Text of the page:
Sugarcane juice can partially or completely replace cereal grains in pig diets under commercial conditions, as demonstrated in a number of studies. Successful experiments and commercial applications of feeding cane juice to pigs have been reported from the Caribbean islands, Mexico, Colombia, the Philippines, Vietnam, Africa and other tropical areas (see Pérez, 1997 for a comprehensive review of those studies; Mena, 1988; Speedy et al., 1991; Sarria et al., 1990; Sarria et al., 1992; Motta et al., 1994; Paula et al., 1994).
Diets including sugarcane juice must be formulated using the metabolizable or net energy systems in order to avoid excessive carcass fatness. It is necessary to include protein-rich ingredients to compensate for the low protein content of the sugarcane juice (Mena, 1987). In small-scale farming systems, tropical foliages such as ensiled cassava leaves or cocoyam leaves (Xanthosoma sagittifolium) can be used as a protein source in pigs fed sugarcane juice (Du Thanh Hang et al., 1997; Rodriguez et al., 2006). In commercial conditions, sugarcane juice can be used as the main source of energy in growing-finishing pigs and lactating sows with no limit to the inclusion rate. For example, sugarcane juice fed to finishing pigs and pregnant sows completely replaced maize grain and resulted in better animal performance, better health and a lower weaning-to-mating interval (Chaves, 2008; Paula et al., 1994). In young pigs, the inclusion level of sugarcane juice must be limited to avoid diarrhea. The principal disadvantage of feeding pigs with sugarcane juice is its high and rapid rate of fermentation (about 12 hours), which causes storage issues on the farm.
The apparent energy digestibility of sugarcane juice is close to 100%, due to its high content of water soluble sugars, which are entirely digestible. The average digestible and metabolizable energy values for sugarcane juice are 17.3 and 17.1 MJ/kg DM (Xandé et al., 2010). Due to the very low DM content of the juice, and based on the ME content of sugarcane juice and maize grain, about 4.5 L of juice is required to substitute for one kg of maize (Pérez, 1997).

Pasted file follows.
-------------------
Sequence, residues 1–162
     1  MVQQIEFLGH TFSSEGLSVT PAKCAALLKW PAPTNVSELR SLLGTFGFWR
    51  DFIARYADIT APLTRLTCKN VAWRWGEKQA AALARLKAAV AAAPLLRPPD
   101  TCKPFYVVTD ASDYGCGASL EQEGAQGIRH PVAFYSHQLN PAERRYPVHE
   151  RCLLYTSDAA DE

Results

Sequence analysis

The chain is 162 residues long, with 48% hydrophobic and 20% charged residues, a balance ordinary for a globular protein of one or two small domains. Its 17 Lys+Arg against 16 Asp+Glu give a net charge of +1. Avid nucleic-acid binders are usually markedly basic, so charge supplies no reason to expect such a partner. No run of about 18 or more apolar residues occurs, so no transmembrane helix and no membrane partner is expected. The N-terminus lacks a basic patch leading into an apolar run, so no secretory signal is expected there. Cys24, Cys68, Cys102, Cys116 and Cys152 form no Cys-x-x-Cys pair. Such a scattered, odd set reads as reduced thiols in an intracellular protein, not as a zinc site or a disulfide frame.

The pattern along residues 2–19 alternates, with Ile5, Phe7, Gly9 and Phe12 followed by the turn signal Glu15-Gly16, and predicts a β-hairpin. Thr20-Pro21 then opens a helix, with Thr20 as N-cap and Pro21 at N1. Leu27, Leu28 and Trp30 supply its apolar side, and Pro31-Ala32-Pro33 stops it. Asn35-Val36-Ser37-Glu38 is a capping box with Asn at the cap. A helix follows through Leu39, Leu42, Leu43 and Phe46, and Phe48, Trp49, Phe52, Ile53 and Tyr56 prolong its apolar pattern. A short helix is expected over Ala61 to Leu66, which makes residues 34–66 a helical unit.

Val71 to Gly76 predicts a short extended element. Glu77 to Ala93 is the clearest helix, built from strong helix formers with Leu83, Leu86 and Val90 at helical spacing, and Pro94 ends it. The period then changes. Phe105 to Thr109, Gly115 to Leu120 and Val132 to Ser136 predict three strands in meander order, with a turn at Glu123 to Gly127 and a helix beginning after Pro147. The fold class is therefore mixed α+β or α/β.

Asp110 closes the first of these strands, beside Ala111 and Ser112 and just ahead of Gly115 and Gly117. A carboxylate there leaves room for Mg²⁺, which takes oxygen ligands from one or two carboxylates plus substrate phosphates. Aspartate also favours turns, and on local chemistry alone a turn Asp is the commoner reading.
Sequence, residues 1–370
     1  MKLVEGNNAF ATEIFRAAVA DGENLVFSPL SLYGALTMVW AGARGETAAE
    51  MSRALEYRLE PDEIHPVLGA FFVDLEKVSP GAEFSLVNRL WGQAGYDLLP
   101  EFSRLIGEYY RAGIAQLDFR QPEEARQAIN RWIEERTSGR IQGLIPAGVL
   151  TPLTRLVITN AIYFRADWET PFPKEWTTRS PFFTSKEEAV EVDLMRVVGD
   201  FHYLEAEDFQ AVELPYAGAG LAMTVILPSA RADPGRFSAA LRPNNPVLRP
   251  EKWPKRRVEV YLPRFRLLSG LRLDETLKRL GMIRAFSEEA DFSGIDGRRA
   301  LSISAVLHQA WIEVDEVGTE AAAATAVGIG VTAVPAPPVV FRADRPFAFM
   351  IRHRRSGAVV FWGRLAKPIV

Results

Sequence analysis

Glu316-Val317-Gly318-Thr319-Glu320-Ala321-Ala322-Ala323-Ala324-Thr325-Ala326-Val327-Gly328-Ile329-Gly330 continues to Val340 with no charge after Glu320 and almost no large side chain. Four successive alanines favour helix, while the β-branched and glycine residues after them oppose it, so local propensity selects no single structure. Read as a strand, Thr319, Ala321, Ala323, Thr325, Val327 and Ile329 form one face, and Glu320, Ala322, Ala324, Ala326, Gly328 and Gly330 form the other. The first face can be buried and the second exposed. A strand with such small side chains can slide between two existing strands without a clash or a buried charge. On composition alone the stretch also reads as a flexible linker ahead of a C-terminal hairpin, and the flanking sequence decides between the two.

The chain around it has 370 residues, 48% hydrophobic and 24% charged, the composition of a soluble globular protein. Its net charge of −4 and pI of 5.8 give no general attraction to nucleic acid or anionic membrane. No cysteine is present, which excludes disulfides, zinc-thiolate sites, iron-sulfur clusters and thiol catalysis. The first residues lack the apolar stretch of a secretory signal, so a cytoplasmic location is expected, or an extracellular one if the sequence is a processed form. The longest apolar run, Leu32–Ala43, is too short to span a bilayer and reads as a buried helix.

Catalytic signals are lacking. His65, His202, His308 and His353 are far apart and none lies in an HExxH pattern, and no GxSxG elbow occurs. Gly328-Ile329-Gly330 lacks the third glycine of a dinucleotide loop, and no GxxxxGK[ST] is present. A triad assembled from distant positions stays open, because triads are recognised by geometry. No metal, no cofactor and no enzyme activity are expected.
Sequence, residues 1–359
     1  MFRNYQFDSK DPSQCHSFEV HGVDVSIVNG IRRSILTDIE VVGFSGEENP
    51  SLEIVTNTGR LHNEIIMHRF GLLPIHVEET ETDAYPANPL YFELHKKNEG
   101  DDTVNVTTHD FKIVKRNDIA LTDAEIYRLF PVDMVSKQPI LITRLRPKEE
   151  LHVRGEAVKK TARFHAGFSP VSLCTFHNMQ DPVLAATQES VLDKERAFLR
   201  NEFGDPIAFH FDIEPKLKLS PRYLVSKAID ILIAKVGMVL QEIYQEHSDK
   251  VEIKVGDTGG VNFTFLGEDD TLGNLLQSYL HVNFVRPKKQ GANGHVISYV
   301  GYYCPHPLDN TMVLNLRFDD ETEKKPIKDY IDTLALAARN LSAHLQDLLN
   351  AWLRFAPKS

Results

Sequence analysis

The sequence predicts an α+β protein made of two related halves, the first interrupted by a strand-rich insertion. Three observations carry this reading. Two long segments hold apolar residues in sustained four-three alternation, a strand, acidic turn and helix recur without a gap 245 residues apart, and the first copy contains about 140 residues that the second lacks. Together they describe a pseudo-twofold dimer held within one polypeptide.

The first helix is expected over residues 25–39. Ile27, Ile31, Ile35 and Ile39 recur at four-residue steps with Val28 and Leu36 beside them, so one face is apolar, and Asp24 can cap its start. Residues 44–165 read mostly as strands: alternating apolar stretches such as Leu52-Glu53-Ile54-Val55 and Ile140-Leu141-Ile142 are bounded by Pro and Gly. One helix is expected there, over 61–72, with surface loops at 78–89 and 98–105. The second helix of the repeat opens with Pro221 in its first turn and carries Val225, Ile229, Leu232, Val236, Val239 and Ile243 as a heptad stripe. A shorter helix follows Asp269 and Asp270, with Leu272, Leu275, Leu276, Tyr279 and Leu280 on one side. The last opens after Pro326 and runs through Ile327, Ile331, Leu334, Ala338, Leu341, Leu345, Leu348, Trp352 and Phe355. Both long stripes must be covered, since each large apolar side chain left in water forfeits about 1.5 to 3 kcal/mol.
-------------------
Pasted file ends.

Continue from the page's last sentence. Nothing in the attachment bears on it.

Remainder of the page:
The juice is normally fed to pigs in a drinking trough. A halved 50 cm plastic drain pipe set into cement is ideal because it can be easily and thoroughly cleaned. Ad libitum intake of juice will range from 5 litres per day at 20 kg to 15 litres per day at 100 kg live weight. A dry supplement must be fed separately, preferably in the morning in order to be totally consumed before feeding the juice (Pérez, 1997).
For small-scale cane producers who raise only a few pigs, feeding sugarcane juice requires too much work to be practical. In the Philippines, some farmers preferred to partially evaporate (boil) the fresh juice, place the resultant syrup in a covered drum alongside the pig pen and reconstitute this syrup with three parts of water whenever the pigs needed to be fed. These farmers obained an average daily gain of 450 g with a diet based on sugarcane syrup and soybean meal (Pérez, 1997).